The article examines topical problems of foreign trade relations between the countries of the Eurasian Economic Union under the sanctions of the conditional West countries and the retaliatory Russian restrictive measures in this area. Based on the expert assessments analysis of Russian scientists and the author's calculations, the fish products export volume from the EAEU countries to the Russian market is analyzed, expert opinions on the reasons for maintaining a high level of sanctioned fish products re-export are summarized and some solutions of this problem are proposed.
EAEU, EU, fish market, sanctions, food embargo, re-export
The fishing industry in Russia plays a significant role in maintaining food security and developing the country's agricultural exports. The volume of fish and other aquatic biological resources caught in Russia in 2020 amounted to 4.97 million tons, the export of fish and seafood - 1.9 million tons, or about 20% of the agricultural products exports.
According to BusinesStat estimates, from 2015 to 2019, the fish and seafood production in Russia increased by 22.9% and reached 5.4 million tons. The production growth was facilitated by high values of fish catch. In addition, the weakening of the ruble made Russian products more competitive in foreign markets. Russia is one of the world leaders in fish and seafood exports. The export share in production over the past five years in physical volumes varied from 38.9% to 41.0%. Among all income items from the agricultural products export, fish exports in monetary terms occupies one of the leading positions. The natural volume of Russian exports during this period increased by 16.5%. At the same time, frozen fish has the largest share in the total volume of fish and seafood exports, with China and South Korea being the key buyers.
In the future, the share of frozen fish, seafood and canned fish production is expected to increase as they have a longer shelf life, while the share of fish and seafood delicacies and caviar will decline.
The current development of the fishing industry is characterized by such trends as an competition increase for the right to use aquatic biological resources and markets for fish products, a progressive decrease in the stocks of the main fishing objects, primarily in the exclusive zone of the Russian Federation, tightening of regulation in the exclusive economic zones of foreign states and of international convention areas.
Russia is also an importer of live fish, fish processing products and other seafood. Over the past 3.5 years in 2018-2020 and the first half of 2021 the Russian market received 1,794.6 thousand tons fish and seafood in the amount of 6,266.7 million dollars.
In fact, one of the main Russian fish market issues is illegal fish and fish products re-exports from the EAEU countries, which are purchased from joined the anti-Russian sanctions countries in 2014. Let us clarify that a food embargo was introduced against these countries by the President V. Putin on August 6, 2014. In addition to fish and fish products it includes such categories of goods as meat and meat products, milk and dairy products, vegetables, fruits and products of their processing. Later this list was supplemented by live pigs, offal, animal fat and animal oils.
Initially, the ban was applied to agricultural products from the USA, EU, Australia, Norway, Canada (and partially from New Zealand and Switzerland). But on August 13, 2015, Albania, Montenegro, Iceland and Liechtenstein were included in the list, and on January 1, 2016 also Ukraine. However, the volumes of illegal re-export deliveries of sanctioned foodstuffs to Russia are practically not decreasing. In 2017-2019 the real volume of agricultural products in the Russian Federation was at least 20% higher than the officially registered one. Sanctioned products accounted for half of these goods, and over 50% of which were supplied by the EAEU countries.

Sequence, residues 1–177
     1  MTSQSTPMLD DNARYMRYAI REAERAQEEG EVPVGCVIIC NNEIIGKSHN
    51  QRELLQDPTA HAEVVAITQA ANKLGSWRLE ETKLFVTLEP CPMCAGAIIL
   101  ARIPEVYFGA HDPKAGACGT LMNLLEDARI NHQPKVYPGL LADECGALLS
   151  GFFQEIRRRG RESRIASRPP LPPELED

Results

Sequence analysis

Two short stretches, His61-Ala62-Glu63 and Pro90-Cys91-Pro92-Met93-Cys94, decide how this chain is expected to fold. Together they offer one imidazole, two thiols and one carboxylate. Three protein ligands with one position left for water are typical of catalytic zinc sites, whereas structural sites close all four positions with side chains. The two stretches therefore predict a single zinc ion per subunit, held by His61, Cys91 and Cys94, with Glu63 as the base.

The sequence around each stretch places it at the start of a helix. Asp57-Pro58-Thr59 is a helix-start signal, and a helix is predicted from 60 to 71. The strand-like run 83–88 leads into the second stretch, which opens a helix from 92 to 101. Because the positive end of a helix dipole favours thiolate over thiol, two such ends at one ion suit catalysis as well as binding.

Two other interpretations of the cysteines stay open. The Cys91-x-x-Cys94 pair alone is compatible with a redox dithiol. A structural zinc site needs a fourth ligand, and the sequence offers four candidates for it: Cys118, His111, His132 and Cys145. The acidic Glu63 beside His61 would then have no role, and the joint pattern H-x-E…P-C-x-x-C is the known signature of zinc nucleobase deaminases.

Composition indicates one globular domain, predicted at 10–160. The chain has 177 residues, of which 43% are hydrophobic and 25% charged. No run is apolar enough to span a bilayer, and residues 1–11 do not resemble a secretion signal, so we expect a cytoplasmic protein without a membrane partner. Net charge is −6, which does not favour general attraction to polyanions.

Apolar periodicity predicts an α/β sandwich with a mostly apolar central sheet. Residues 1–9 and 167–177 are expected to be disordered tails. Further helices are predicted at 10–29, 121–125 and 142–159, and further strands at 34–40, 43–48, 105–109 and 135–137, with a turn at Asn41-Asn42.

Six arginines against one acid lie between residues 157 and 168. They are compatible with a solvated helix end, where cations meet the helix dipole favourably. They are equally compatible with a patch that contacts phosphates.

The main part of the sanctioned fish products comes to Russia from Belarus. Russian Federal Service for Veterinary and Phytosanitary Supervision (Rosselkhoznadzor) has repeatedly appealed to the Eurasian Economic Commission (EEC), the government and the Ministry of Agriculture and Food of Belarus with a proposal for joint phytosanitary control of the external border of the Customs Union to account for products entering Belarus. Back in 2014 an agreement on the creation of a working group to develop agreed approaches in the field of identifying and preventing the supply of sanctioned goods through the Belarusian territory to the Russian Federation was reached. Rosselkhoznadzor has also repeatedly reported on numerous attempts to import into the Russian Federation prohibited products from the European Union (EU) and the United States. It should be admitted that since the imposition of the embargo, Belarus has detained at the border and returned to European consignors thousands of cars with prohibited cargo.
With regard to the import of fish and fish products, the Russian side took a number of measures. In June 2015, the Rosselkhoznadzor banned the supply of fish products from Estonia and Latvia due to violations of safety requirements. In turn, Belarus has also banned the re-export of fish products from Estonia and Latvia to Russia.
However, statistics show that in just the first quarter of 2017, fish supplies from Belarus to the Russian Federation increased 15 times - up to 2.3 thousand tons and are estimated at $ 4.4 million, which corresponds to export volumes for the entire 2016. Frozen fish is mainly supplied to the Russian market from the EU countries, Norway and Iceland. In order to prevent the supply of substandard or harmful fish products to Russian consumers, the Rosselkhoznadzor carried out inspections of Belarusian producers, as a result the import of fish products of three Belarusian enterprises was prohibited - Kamchatskaya Ryba LLC (Grodno Region), Pink Kit LLC (Minsk Region) and CJSC "Mera Gold" (Gomel region). However, the Belarusian authorities referred to the fact that all exported fish was not prohibited re-exported, since it was processed and repackaged on the territory of Belarus.
It should be concluded that the measures taken by Russia to prevent the export of sanctioned fish products turned out to be insufficiently effective. Volumes of sanctioned fish products and raw materials re-export to the Russian Federation from Norway for 2016-2019 increased by about 25%, that is, up to about 300 thousand tons per year and amounted to 15% of all Norwegian fish exports.
On January 9, 2020, the Rosselkhoznadzor imposed a ban on the re-export of fish products made from Norwegian raw materials and supplied by other EAEU countries. The decision was based on phytosanitary restrictions, namely due to the fact that residues of prohibited and / or harmful substances were repeatedly found in processed products and “due to the refusal of the Norwegian competent authority to inspect aquaculture production enterprises”.